Difficulties of Rangers taking Pointe-du-Hoc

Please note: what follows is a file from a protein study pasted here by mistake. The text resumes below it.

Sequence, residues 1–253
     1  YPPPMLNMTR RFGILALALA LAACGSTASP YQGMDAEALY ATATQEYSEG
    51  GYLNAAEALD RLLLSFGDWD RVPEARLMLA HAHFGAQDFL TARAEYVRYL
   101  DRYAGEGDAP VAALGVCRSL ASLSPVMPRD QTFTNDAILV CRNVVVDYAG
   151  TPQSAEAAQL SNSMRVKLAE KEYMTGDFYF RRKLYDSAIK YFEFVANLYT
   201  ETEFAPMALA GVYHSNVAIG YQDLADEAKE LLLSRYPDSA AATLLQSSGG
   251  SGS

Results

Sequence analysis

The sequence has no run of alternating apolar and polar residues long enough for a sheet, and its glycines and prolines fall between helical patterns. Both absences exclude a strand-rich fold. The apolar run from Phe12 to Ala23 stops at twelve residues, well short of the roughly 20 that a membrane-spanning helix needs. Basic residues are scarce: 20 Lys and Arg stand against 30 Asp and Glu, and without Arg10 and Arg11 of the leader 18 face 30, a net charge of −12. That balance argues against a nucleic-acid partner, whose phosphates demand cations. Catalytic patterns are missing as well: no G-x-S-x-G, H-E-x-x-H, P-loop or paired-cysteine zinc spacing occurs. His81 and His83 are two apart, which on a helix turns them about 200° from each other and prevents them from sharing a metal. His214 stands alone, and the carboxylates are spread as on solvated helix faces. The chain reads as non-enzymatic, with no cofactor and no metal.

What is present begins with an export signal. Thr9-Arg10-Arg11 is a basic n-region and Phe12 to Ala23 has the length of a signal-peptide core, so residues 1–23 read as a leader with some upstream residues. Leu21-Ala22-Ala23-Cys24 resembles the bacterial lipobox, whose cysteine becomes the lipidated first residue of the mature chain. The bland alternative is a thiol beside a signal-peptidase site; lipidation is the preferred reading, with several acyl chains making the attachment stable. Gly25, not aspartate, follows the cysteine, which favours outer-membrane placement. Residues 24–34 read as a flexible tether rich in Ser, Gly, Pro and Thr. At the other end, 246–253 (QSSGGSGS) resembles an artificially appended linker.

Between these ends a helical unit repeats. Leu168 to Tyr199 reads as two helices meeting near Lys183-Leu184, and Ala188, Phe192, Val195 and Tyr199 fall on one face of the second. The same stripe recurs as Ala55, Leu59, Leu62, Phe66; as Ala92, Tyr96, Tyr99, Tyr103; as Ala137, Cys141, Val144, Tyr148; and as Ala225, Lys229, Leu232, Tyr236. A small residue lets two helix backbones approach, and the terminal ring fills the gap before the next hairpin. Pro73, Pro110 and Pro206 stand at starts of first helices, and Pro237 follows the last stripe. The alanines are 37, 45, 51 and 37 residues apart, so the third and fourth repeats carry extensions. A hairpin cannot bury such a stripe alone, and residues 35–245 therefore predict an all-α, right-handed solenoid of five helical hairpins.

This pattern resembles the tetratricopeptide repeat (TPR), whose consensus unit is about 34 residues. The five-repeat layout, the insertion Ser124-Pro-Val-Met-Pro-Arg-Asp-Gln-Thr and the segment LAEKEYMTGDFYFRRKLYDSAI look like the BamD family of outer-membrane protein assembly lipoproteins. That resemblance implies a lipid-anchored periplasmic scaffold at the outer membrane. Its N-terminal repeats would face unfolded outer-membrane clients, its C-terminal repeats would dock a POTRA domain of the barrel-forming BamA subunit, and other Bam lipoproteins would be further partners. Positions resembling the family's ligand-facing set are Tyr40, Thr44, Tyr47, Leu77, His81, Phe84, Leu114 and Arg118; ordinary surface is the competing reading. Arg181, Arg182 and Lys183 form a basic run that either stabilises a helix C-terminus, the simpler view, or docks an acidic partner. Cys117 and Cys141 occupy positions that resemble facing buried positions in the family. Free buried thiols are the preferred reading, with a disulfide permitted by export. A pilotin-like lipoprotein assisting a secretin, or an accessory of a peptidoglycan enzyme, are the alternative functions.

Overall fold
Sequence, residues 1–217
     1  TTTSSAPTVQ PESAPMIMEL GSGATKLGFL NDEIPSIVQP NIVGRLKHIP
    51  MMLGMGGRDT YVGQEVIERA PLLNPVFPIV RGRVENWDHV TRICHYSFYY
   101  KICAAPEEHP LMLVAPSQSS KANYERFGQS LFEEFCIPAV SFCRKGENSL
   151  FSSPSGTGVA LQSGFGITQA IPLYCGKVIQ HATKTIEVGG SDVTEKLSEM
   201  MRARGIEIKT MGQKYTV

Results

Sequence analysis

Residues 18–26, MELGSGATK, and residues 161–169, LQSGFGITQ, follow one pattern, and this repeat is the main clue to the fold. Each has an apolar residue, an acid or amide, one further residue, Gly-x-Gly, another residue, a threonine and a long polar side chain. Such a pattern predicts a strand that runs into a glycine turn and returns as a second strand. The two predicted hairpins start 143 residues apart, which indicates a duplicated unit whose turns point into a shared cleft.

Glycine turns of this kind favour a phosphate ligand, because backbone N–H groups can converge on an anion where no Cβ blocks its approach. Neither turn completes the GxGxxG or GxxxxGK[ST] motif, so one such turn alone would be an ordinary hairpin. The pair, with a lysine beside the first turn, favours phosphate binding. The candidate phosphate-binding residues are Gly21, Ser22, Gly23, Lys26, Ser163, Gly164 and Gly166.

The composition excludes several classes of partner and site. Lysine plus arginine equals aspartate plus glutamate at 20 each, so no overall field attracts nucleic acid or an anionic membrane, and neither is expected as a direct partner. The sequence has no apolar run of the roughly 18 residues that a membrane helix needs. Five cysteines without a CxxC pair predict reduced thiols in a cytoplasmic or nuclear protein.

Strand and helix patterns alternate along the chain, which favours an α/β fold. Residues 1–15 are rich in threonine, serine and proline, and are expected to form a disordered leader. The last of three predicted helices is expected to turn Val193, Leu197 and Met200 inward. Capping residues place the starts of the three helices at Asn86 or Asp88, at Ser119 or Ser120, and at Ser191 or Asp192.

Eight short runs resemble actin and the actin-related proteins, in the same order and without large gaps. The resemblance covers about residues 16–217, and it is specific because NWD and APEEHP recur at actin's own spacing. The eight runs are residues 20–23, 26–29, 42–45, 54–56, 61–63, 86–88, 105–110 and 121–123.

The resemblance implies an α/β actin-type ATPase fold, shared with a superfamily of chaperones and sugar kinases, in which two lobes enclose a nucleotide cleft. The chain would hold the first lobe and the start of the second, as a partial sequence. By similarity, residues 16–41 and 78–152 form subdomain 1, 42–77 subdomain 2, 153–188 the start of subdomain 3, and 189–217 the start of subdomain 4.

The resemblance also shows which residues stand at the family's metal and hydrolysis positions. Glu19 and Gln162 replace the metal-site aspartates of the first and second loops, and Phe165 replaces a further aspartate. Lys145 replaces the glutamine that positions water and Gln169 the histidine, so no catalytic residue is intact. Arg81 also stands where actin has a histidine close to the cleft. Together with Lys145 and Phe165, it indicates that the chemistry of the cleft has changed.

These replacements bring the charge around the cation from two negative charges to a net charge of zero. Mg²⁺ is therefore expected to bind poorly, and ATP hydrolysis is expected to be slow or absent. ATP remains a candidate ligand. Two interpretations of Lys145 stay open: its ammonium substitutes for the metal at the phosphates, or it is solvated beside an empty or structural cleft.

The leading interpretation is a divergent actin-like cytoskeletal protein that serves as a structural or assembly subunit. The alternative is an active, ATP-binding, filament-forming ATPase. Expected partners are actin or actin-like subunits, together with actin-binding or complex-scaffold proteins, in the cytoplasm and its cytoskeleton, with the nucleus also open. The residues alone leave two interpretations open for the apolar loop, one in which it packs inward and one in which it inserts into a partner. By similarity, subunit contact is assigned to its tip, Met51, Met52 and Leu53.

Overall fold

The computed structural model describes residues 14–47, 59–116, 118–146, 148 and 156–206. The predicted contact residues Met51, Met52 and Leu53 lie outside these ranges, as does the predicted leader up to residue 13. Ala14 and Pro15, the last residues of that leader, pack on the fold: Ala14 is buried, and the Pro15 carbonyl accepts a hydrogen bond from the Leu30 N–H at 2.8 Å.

as F Rtit By G.K. HODENFIELD For Th Associated Press The fear began to subside and excitement excitement mounted at 4:05 a.m., June 6, 1944. That's when 2,225 men of the 2nd U.S. Ranger Battalion left their landing ships, the HMS Ben Machree and HMS Amsterdam, Amsterdam, in their LCAs to begin the assault on Hitler's Atlantic Wall. It was D-Day, D-Day, D-Day, the long-awaited long-awaited long-awaited opening opening of the Second Front. A couple of hours earlier we had been served a hearty breakfast breakfast of pancakes pancakes and coffee, a meal designed designed to reduce reduce the pos-sibility pos-sibility pos-sibility of seasickness. The Ben Machree and Amsterdam were former Channel Steamers, and quite comfortable. The LCAs (Landing Craft, Assault) Assault) were built to carry 20-30 20-30 20-30 men or one vehicle, and were not built for comfort. The LCAs were loaded at deck level, then lowered into the black and choppy waters of the English Channel. Channel. As a correspondent for the Army newspaper Stars & Stripes, I was assigned assigned to LCA No. 883, commanded by Capt. Otto "Big Stoop" Masney of Company Company F and Pewaukee, Wis. The Rangers had been briefed and "sealed" aboard the Ben Machree and Amsterdam on June 1. We had gone through the false alarm of June 5. D-Day D-Day D-Day had been originally scheduled for that day. but had been postponed postponed because of horrible weather. The weather didn't seen much better now, but there was a subtle change in the Rangers. Their attitude now was, "Come on, let's get this thing over with." The seas were high and wild, the wind strong and biting cold. The Ranger plan was vital to the success of the entire invasion, invasion, but it was basically simple. Their target was Pointe du Hoc, a comparatively small tableland that jutted into the English Channel like the letter "V," between the main American landing landing sites on Omaha and Utah beaches. The Germans had six 155mm guns on Pointe du Hoc, all capable of pouring murderous fire onto either Utah or Omaha. Invasion planners called Pointe du Hoc "Target No. 1." The sides of the "V" of Pointe du Hoc were sheer cliffs, most more than 100 feet high, which is why one Allied officer said, "Three old women with brooms could keep the Rangers from climbing those cliffs." The LCAs were equipped with rocket launchers that would hurl grapnel hooks over the clifftops, trailing rope ladders. The Rangers would land on the narrow beach below the cliffs, pull the ropes tight to set the grapnel hooks firmly into the earth, scamper up the rope ladders, spike those 155mm guns with thermite grenades, and move about one mile inland inland to meet reinforcements from Omaha Beach at noon on D-Day. D-Day. D-Day. A good plan, a basically simple plan. But, ... As the 11 loaded LCAs formed up and M2 Em began their slow approach to the Normandy Normandy coast, about 10 miles ahead, one of the supply boats swamped and sank. There was one survivor. A short while later, another LCA swamped and sank in the heavy seas. This one carried Capt. Harold "Duke" Slater and some of his D Company men. Rangers in the other LCAs could see Slater and his men threshing about in the freezing water-, water-, water-, trying to stay afloat, but there was no thought of stopping to help them. Those big guns on Pointe du Hoc were still there, and they were the sole purpose of this operation. operation. In any event, all of the Rangers knew they were expendable. expendable. (Slater and some of his men were picked up later and returned returned prot esting bitterly to England. They wanted to be taken to Pointe d u Hoc.) Just before dawn, the big ships lying offshore offshore opened fire all along the invasion coast. The sky was aflame with the flashes and flares of hundreds of big guns. We knew there were about 5,000 ships out there in the darkness, carrying almost almost 200,000 men and their fighting gear to the French beaches. But came the dawn, and we saw that things were not going according to plan. The winds of at least 15 knots and the four-foot four-foot four-foot waves had pushed the Ranger flotilla far off course. We were headed for land at least three miles east of Pointe Pointe du Hoc. The mistake in navigation was quickly corrected, but valuable time had been lost. So had the element of surprise. Instead of coming ashore directly from the north at H-hour, H-hour, H-hour, the Rangers found themselves headed west parallel to the beaches, more than half an hour late. You make friends quickly in combat, and lose them just as quickly. I had spent much of the trip in the LCA kidding with a Ranger who said he would never understand understand why a reporter, who really didn't have to, would go along on what was cer- cer- I tain to be a suicide mission for about half the Rangers. He was a great guy, and I wish I had learned his name. Shortly-after Shortly-after Shortly-after our LCA turned west and headed for Pointe du Hoc, a German rifleman on the cliffs shot him through the head. He toppled over quietly at my feet. The casualties in the other LCA were higher. The naval fire had, indeed, driven the Germans to cover. But they had recovered recovered when the bombardment stopped and had come out to see what was going on. What they saw were slow-moving slow-moving slow-moving LCAs loaded with soldiers perfect targets targets for sharpshooters less than 200 yards away. The loss of two LCAs had reduced the Ranger fighting force to fewer than 200 men. Also in the Ranger flotilla were four DUKWs (pronounced "Ducks"). The DUKW was a 2Vt-fon 2Vt-fon 2Vt-fon truck chassis with a hull, rudder and propeller to make it amphibious. amphibious. The Rangers had equipped their . four DUKWs with extension ladders from the London Fire Brigade. The DUKWs were to run aground, raise their ladders, and provide a fast and relatively easy means of getting over the clifftops. Just before reaching the narrow Pointe Pointe du Hoc beaches, one of the DUKWs was hit by 20mm fire and sunk. The other three were never truly effective. The nine LCAs touched down at about 7:10 a.m. a good 40 minutes late. A welcoming committee was at the top of the cliffs, shooting directly down at the Rangers and dropping hand grenades on them. Some of the LCAs fired their rockets before hitting the beach and the rockets failed to reach the clifftops. All had other rocket launchers which could be carried ashore and fired from there. Captain Masney saw the other LCAs stop too soon and fire their rockets ineffectively. ineffectively. He ordered the boatswain on his LCA to keep driving toward the beach, and warned against shooting the rockets prematurely because, "We've got plenty of time." Thus it was that LCA 883 made the only dry landing of the group, and five of our six rockets went sailing over the cliff tops. The sight and sound of the rockets drove the Germans back from the clifftops clifftops just about long enough for some of the Rangers to start up the rope ladders. The first LCA to touch down had brought Lt. Col. James Earl Rudder of Brady, Texas, to the shores of France. Rudder set up his command post on the narrow beach. Snipers and machine gunners were on the cliffs all around us, so we scrambled to the safety of the cliff base. Sgt. Bob Youso and Pvt. Alvin White of our LCA had already started up the ladders and others lined up awaiting their turn. Despite the opposition, the Rangers got to the top of the cliffs and began pushing the Germans back. I'll never know how they did it. As each group of Rangers reached the clifftops they set about their assigned mission find those German guns and spike them with thermite grenades. But the guns weren't where they were supposed to be. First Sgt. Leonard Lomell (now a successful successful attorney in Toms River, N.J.) knew the guns couldn't be far away. Although Although he had been shot in the side just as he left his LCA on the beach below, he was one of the first Rangers up the cliffs, and he was determined to find those guns. He did. . At the place where his target gun was supposed to be, Lomell could see tracks leaving the gun position. Along with Staff Sgt. Jack E. Kuhn, he followed the tracks down a narrow lane and sure enough, they found five of the guns. Incredibly, the guns were set up to fire on Utah EDITOR'S NOTE D-Day, D-Day, D-Day, 1944, the liberation of Europe, and the people first tasted its joys and agonies lived the edge of the Normandy beaches. how the invasion looked to those whom accorded a dangerous front row seat, including former Associated Press writer G.K. Ho-denfield, who took part as a combat correspondent with the first wave of Rangers. Inside, three Central Illinoisans, a Ranger, recall their part in the Beach from a well camouflaged position. There were piles of ammunition ready to be fired and fuses on the shells. But there wasn't a German soldier anywhere in the immediate area. With Kuhn covering him, Lomell climbed over a hedgerow and set off thermite grenades in the recoil and traversing traversing mechanism of two of the guns, and used his gun butt to smash the sight on all five guns. Then Lomell and Kuhn went back for more thermite grenades and put the remaining three guns out of action. The thermite grenades melted the mechanisms and rendered the guns useless. useless. The Rangers had been scheduled to break out of Pointe du Hoc and advance eastward toward Grandcamp and Omaha Beach by noon of D-Day. D-Day. D-Day. In fact, they didn't leave Pointe du Hoc until about noon on D-plus-2, D-plus-2, D-plus-2, D-plus-2, D-plus-2, about 48 hours late. It was about 1 a.m. on June 7 that the Germans launched their first counterattack. counterattack. That was thrown back, but they regrouped and hit us again about dawn. The reinforcements, after bloody, bitter bitter fighting, moved up from the east, and the Germans took off. But those guys coming from Omaha beach heard the sound of our captured German weapons. Since they believed the original striking force had been wiped out, they assumed we were Germans, and they opened fire on us. Col. Rudder had an American flag displayed, displayed, and ordered our firing to stop. But we already had lost several men to "friendly fire." About noon on D-plus-2 D-plus-2 D-plus-2 D-plus-2 D-plus-2 the remnants of Companies D, E and F walked off Pointe du Hoc. Of the original force, there were only about 50 who could walk under their own power. Some of those were badly wounded, including Rudder and Masney, both wounded twice. Some of the survivors will meet again at Pointe du Hoc on the 40th anniversary of D-Day. D-Day. D-Day. Masney and Lomell will be there, among others. We'll all miss Rudder, Rudder, who became president of Texas A&M before he died at age 60 in 1970. snafu Situation Normal, All Fouled Up! At the end of the day, a battlefield grave.